She is an award-winning actor whose talent speaks volumes of her versatility and passion for films. Working across numerous film industries in India, actress Aditi Rao Hydari is driven by the challenges of making good cinema. During the lockdown, she has also worked towards helping those in need. In this interview, she opens up about life, films and more.

 

Q. How are you managing during the lockdown?

A:I feel this is a time which is difficult for everyone in their own way. But every time I feel overwhelmed, I tell myself that I’m really blessed and lucky. I’m grateful for everything that I have because there are a lot of people who have very real and frightening problems. It’s incomparable. The only way to stay positive is share what I can whether monetarily, food grain, etc. That’s something and constructive that you can do. Sharing and being kind is one of the most amazing things that one can do. Every little drop counts.

Q: You’ve worked with Irrfan Khan and he passed away recently as did Rishi Kapoor. Was it a sudden shock for you as well?

A: Absolutely! Because you’re locked away in your homes and there’s things you’re dealing with and suddenly you hear — one day after the next — about two people who are so dear to everybody. What is sad is that even though you’re part of the film industry which is like family but you don’t get closure since you can’t be there. I think Irrfan Khan and Rishi Kapoor will live forever through their work and the way they inspired us. Both of them have been gamechangers in many ways, so versatile and distinctive, individualistic people and actors.

Q: Is there any particular memory you have of Irrfan Khan? You were in ‘Yeh Saali Zindagi’ with him.

A: In ‘Yeh Saali Zindagi’ I didn’t have a single scene with him. When you are new, people who encourage you and are good to you, you always remember extra fondly. I remember walking into Sudhir Mishra’s office and Irrfan had just seen the film. He told me that he was only watching me through the film and that I’ll go very far. It was overwhelming for me. He was very sweet.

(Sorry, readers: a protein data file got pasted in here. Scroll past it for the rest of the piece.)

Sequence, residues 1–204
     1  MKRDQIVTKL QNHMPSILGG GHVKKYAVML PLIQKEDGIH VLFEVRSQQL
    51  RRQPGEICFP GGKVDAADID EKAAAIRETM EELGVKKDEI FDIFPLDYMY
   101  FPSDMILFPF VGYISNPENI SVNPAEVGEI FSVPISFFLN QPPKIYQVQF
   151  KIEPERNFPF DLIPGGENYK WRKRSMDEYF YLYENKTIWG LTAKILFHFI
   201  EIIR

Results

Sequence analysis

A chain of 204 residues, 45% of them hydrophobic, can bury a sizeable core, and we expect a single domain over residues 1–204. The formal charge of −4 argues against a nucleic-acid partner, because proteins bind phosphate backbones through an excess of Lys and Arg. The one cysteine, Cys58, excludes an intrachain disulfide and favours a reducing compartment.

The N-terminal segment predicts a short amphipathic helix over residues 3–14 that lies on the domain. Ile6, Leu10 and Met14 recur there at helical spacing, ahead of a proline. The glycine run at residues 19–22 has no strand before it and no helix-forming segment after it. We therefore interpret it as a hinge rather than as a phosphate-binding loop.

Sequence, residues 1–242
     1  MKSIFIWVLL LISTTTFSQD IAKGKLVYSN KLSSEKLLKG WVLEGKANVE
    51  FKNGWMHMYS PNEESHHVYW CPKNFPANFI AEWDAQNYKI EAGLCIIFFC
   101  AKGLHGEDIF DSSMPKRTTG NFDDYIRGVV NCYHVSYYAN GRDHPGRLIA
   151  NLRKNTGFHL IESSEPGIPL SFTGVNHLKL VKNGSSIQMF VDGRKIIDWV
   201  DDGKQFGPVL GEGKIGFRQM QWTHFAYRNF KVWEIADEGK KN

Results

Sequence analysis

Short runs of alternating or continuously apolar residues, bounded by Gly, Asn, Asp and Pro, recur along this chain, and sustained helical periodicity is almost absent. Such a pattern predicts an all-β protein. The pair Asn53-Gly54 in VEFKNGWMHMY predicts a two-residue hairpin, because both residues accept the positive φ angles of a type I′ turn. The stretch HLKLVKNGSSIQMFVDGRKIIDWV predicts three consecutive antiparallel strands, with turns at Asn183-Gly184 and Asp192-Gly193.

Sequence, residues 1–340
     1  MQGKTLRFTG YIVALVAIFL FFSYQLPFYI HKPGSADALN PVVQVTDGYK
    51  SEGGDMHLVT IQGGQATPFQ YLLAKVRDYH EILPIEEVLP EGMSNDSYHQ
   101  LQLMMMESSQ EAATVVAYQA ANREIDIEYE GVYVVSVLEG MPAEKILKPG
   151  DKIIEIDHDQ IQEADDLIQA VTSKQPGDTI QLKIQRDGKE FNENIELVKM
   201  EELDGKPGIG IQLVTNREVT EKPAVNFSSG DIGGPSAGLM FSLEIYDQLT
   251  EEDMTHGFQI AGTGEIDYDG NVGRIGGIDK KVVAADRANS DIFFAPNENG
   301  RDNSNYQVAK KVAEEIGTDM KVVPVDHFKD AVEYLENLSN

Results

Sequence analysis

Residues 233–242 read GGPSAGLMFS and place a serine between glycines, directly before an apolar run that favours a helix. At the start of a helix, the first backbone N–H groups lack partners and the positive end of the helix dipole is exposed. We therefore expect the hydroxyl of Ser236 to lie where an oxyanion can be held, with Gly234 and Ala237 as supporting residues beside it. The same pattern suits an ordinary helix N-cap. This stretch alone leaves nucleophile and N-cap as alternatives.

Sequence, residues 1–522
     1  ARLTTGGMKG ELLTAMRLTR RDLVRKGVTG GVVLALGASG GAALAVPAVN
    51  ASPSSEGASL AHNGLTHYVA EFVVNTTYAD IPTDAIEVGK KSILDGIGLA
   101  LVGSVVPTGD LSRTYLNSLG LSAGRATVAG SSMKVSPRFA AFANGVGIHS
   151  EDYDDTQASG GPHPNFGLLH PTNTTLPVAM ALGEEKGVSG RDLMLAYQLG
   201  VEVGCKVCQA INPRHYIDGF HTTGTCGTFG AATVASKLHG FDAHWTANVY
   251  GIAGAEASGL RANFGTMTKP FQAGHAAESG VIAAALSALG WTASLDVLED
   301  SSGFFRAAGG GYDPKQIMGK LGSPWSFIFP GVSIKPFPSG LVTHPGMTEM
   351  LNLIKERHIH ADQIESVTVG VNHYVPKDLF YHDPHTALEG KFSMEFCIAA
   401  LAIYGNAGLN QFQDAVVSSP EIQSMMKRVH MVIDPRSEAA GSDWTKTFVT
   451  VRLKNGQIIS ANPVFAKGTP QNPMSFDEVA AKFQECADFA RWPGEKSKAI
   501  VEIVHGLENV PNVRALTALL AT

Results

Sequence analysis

Q: What are some of your favourite Rishi Kapoor films? Did you have any interactions with him?

A: I loved him in ‘Kapoor and Sons’. He was amazing! I loved ‘Luck By Chance’ and my fave line of his is, “she’s a crocodile in a chiffon”. D-Day, Chandni, Deewana, Bobby… so many! He was also very affectionate and very stern. I remember him basically scolding me. I think it was my first IIFA and I was serving myself some food. He called me over and blasted me! He said I was so talented but I was wasting my time and critiqued my films. I was new at the time and was confused about some films. It was so funny but I didn’t know whether to be afraid or laugh. Ranbir (Kapoor) always used to say that he does that to people whom he’s very fond of.

Rishi Kapoor

Q: Your repertoire of films is very versatile from larger-than-life films to very character-driven realistic ones. What do you look for in a script?

A: Creators of good cinema where the work is timeless is what attracts me. I’m dying to work with certain directors based on their previous work. Sometimes it›s actors and mostly instinct. The script and the character have to be good. I have done 20-minute roles and two-hour roles. What is important is that the person who is watching should take me home with them.

Q: Talking about directors, you’ve done two films with Mani Ratnam and you seem to have a special bond with him.

A: I became an actor because of him. You have this dream growing up and then the dream comes true. It makes you believe in the purity of your dream and belief. It’s life-affirming for me. For me, he is more than a director; he is like a parent. He is so inspiring and has changed my life in so many ways. Working with him is very challenging and tough but Madras Talkies is a comfort space.

Q: How do manage working in numerous film industries? Are you comfortable now with all the languages?  

A: This also has to do with personality. I end up working with people with whom I know I’ll be happy and comfortable. Like I said, the journey is important. Up till now, 99% of my experiences have been really incredible and I’ve had a lot of love, care, fun and challenge. When I entered films, my drive was to work with amazing filmmakers and they don’t come in a particular language or country. I feel cinema is so much about feelings and feelings don’t have a language. Basically, I have to make the person in front of me feel what I’m going through as a character in the story. The experiences I have had and hope to continue to have are varied and I feel blessed. It’s not that I prefer one language over the other. I’m saying this honestly and openly — wherever someone gives me a good script and a good director, I will push myself and go and work there.